With so many changes afoot in the American orchestral world, what do music directors see as particular challenges and opportunities? (more…)
Posts Tagged ‘mtt’
Topic: Audience, Community, Creativity | Tags: alan gilbert, charles dutoit, cleveland orchestra, franz welser-möst, gustavo dudamel, la phil, mtt, ny phil, philadelphia orchestra, san francisco symphony, video, Yannick Nézet-Séguin
November 6, 2012 by Beth Hondl | Comments (0)
How exactly does a conductor work with an orchestra? We asked several music directors to speak about their philosophy and technique. (more…)
When The Philadelphia Orchestra emerged from Chapter 11 bankruptcy in July 2012, the ensemble became a canary fluttering back out of a deep dark mine. Philadelphia’s path forward will be closely watched, and not only because music lovers at home and around the world have such a stake in this beloved institution. In both its difficulties and its stategies for confronting and transcending them, The Philadelphia Orchestra strikes a resonant chord with other American orchestras, large and small.
This podcast was developed from our June 2012 behind-the-scenes discussion.
Chapter Ten – Looking Ahead, in Philadelphia and Beyond
Topic: Audience, Community, Creativity | Tags: Afa Sadykhly Dworkin, alan gilbert, allison vulgamore, cleveland orchestra, deborah rutter, gary hanson, gustavo dudamel, jeremy rothman, joseph conyers, mtt, philadelphia orchestra, podcast, san francisco symphony, stanford thompson, steven winn, Yannick Nézet-Séguin
September 18, 2012 by Beth Hondl | Comments (0)
In a culture that exalts the individual, creativity is thought of first and foremost as the distinctive stamp of a personality, the outpouring of a specific genius or talent. But organizations can and must be creative, too, if they hope to endure and thrive. In the face of financial woes, aging audiences, dwindling arts education and the momentum of an increasingly digital universe, orchestras are challenged as never before to find creative ways of making music and making it matter to their communities.
This podcast was developed from our public forum in March 2012, Talking About Creativity and a “Conducting Business” podcast by New York radio station WQXR.
Chapter Six – The Creative Challenge, Off the Stage
Where does the marvel of musical creativity come from and how does it work? What parts do muses and inspiration, intuition and the subconscious, hard work and happy accident play in the process? In this podcast, we examine the ways in which creativity can flourish, falter and forge new pathways in the symphony orchestra hall.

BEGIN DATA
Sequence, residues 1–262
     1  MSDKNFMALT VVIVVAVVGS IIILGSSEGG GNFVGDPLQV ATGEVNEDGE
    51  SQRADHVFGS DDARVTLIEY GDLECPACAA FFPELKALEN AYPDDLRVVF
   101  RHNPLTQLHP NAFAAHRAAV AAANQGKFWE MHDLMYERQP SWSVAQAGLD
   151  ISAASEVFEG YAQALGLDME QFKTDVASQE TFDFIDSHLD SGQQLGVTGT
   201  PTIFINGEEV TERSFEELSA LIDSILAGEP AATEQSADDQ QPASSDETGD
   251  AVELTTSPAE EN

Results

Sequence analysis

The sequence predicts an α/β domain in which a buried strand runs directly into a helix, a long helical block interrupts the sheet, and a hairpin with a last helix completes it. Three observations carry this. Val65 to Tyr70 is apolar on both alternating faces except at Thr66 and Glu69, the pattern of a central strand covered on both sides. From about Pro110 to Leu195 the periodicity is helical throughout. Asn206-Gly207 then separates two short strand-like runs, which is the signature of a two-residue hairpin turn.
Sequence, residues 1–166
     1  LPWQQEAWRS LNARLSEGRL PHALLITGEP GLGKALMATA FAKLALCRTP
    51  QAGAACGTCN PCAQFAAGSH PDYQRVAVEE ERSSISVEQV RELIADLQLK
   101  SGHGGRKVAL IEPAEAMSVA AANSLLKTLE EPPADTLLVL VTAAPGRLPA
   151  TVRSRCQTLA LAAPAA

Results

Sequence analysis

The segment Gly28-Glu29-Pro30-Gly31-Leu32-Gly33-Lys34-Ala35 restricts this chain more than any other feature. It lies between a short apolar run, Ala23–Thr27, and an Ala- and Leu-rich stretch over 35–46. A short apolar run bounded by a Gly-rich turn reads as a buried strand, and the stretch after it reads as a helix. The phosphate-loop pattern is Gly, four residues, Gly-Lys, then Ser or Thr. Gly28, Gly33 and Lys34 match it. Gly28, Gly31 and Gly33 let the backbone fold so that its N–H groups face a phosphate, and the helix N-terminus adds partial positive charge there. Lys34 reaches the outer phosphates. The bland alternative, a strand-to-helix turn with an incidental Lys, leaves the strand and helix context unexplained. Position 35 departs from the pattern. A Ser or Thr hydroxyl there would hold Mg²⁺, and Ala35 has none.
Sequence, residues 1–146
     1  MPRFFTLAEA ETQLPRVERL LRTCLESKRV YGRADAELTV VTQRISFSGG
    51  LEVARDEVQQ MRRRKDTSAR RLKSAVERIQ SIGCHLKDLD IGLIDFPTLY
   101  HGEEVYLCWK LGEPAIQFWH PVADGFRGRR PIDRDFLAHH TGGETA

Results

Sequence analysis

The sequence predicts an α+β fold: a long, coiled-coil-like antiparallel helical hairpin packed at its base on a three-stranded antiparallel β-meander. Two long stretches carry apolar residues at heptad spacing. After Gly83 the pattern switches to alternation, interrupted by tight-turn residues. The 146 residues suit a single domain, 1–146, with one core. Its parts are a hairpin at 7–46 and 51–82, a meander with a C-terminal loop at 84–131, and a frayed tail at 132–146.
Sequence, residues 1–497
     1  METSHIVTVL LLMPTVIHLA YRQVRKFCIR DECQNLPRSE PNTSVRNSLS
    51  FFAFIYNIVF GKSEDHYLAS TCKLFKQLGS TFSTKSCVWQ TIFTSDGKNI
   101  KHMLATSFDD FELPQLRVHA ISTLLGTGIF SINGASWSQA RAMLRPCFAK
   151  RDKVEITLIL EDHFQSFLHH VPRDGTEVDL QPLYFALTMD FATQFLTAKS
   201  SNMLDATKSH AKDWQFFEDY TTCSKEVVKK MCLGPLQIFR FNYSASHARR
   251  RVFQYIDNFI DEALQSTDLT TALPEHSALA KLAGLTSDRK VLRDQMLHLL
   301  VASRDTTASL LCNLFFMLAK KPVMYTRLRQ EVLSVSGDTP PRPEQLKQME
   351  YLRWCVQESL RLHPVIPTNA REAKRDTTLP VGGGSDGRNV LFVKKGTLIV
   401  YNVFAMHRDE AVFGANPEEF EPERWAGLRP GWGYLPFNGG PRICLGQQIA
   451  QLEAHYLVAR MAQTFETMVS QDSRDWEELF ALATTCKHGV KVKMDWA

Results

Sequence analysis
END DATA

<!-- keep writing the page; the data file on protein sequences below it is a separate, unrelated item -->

This podcast was developed from our public forum in March 2012, Talking About Creativity.
Chapter Five – Orchestral Creativity, on the Stage
Michael Tilson Thomas, Music Director of the San Francisco Symphony, talks about the different meanings of Creativity in the orchestral world. This video draws together highlights from our March 2012 event.
In addition to being Music Director of the San Francisco Symphony, Michael Tilson Thomas leads the New World Symphony in Florida — a group whose mission it is to prepare highly-gifted young musicians for leadership roles in orchestras and ensembles around the world. At our live event in March, he discussed how his work there also involves exploring new ways to interact with the audience.
Here is the first of our videos from Saturday’s event in San Francisco, our keynote conversation with Michael Tilson Thomas, Music Director of the San Francisco Symphony.
In this wide-ranging conversation with SFS Executive Director Brent Assink, MTT discusses the connectedness of all artistic endeavors, reflects on his ability to provide “context” for younger musicians, discusses his work with contemporary composers, quotes from Walt Whitman, and much more. Enjoy.
Michael Tilson Thomas will be part of our Talking About Creativity this Saturday in San Francisco, starting at 1:30pm PT. Register today for this free event!
At the end of February, Michael Tilson Thomas gave a talk at the TED conference entitled “A brief history of classical music.” (You can read a complete write-up of the talk over on the TED blog.) Only MTT could sum up a thousand years of history in a compelling, informative, 20-minute session—covering musical notation, the role of technology, the birth of opera and ancient Greek gravestones.
There’s a reason we like to hear the notes we do today, he says. We’ve inherited “centuries worth of changes in musical theory, practice and fashion.” The secret weapon? Music’s silent partner: notation. “The impulse to notate, to code music, has been with us for a very long time.” Read the full article on the TED blog.
More recently, technology has changed the way people encounter and experience music. Recording made music readily available to all, whether you played an instrument or not. And technology pushed composers in new directions:
“Technology democratized music by making everything available; it spearheaded cultural revolution,” says Tilson Thomas. “Technology pushed composers to tremendous extremes; computers and synthesizers [prompted] intellectually impenetrable complexity.” And at the same time, technology pushed us to live in a culture of improvisation that is sliced, diced, distributed and sold. What is the long term effect of this? No one knows. But one real question remains: what happens when the music stops? What sticks? Read the full article on the TED blog.
What sticks, ultimately, is the power of music to transform and give meaning to our everyday lives. MTT’s final advice? “Dive in and pass it on.”
The New World Symphony’s Wallcast concerts start up again this week in Miami. The Wallcasts are free simulcasts on a stunning, outdoor, 7,000-square-foot projection wall.
Here is the official video: